So what approach was used in these official* legal translations?
As might be expected given that the translations were done by different translators, the approach does not appear to be consistent across all the documents or, in some cases, even within the documents.
US terminology is mixed with UK terminology. “Attorney” and “articles of incorporation” (US) are used for abogado and estatuos sociales on some occasions while “solicitor” and “articles of association” (UK) are used on others; “lawyer” is also used. Interestingly enough, the always troublesome procurador is translated both as “court representative” and “Court Clerk”. (I prefer the first one, although “court procedural representative/lawyer” might be better.)
In terms of common or civil law, there does seem to be a greater use of common law terms. For instance, demanda de reconvención is translated as “counterclaim” instead of “reconventional demand”, which is used in civil law English-speaking jurisdictions.
An interesting one is legitimización activa. This is generally referred to as “standing to sue/claim/etc.” in common law, and while “standing to request review” or just “standing” might be good (common law) options in this particular case (Art. 511), it is translated as “active legitimation” (actually, “legitimisation”, but I assume that’s a typo), which could fall into the literal or civil law approach to translating terms. Although I’m not sure about this one; maybe it’s also used in common law jurisdictions. It might even be, or become, an example of an international- or at least European-English term.
Anyway, it’s not my aim to pick apart the translations here. I just wanted to give a few examples that might demonstrate different approaches. And it does look like different approaches were used, although in an ad hoc manner. It seems that, on this occasion, the translators may not have been given criteria to follow. They were probably left to translate as they best saw fit in a vacuum. Given the probable purpose of the texts, to inform, this might not be such a big deal. As for legal translators using these documents for terminology research, it just means that some caution needs to be exercised. But, then again, when is it not?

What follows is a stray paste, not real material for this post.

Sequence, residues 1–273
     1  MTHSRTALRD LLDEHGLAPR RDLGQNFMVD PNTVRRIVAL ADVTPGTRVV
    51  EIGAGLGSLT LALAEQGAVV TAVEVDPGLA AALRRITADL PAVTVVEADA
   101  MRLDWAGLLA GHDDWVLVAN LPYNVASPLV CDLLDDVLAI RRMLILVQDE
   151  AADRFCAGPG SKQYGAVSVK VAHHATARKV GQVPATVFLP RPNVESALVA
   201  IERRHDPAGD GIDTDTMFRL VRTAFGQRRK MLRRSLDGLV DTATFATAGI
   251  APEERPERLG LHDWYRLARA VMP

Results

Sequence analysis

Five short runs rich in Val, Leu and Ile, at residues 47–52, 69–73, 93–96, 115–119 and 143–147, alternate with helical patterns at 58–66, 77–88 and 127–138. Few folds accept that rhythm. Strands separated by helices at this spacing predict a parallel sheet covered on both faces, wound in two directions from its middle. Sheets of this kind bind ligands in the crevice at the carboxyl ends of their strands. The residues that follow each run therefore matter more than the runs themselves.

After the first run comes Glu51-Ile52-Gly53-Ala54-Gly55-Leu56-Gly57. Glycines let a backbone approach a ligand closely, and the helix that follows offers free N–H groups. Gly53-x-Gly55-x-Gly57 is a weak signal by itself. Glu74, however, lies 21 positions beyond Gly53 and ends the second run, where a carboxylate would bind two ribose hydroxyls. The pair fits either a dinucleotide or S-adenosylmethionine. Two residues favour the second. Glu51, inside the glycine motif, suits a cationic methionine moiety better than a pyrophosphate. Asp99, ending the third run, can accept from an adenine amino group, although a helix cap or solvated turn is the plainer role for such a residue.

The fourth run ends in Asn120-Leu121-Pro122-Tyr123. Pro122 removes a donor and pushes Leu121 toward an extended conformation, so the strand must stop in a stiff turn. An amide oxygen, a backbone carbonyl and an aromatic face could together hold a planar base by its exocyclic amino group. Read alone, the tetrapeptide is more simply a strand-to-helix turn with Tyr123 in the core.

* As someone rightly points out in the comments to my original post, these are not official translations in the sense that they are not sworn translations. However, I refer to them as ‘official’ because they appear to be officially endorsed: they can be downloaded from the Ministry of Justice’s website, and each bear the Spanish government’s coat of arms on the front cover.
I’d love to hear your comments about Rob’s post. How much information is given to translators before they start work is a subject that is very dear to my heart.
5 thoughts on “Legislation – translating in a vacuum”
Very interesting post. I too have serious problems with what are called ‘official’ English translations of legislation (DE>EN in my case). I believe a German lawyer has to be involved, but I suspect it’s all in a legal limbo. I am worried that some clients may insist on these translations, and it’s certainly started happening. I could go on for pages!
Pingback: Reporting from Brussels – Translation Studies Days, part 2 « From Words to Deeds: translation & the law
Pingback: Weekly favorites (Oct 8-14) | Adventures in Freelance Translation
Pingback: Monday smile – From Anglo-Saxon to globish | From Words to Deeds: translation & the law
Pingback: Webinar – Translating contracts in English | From Words to Deeds: translation & the law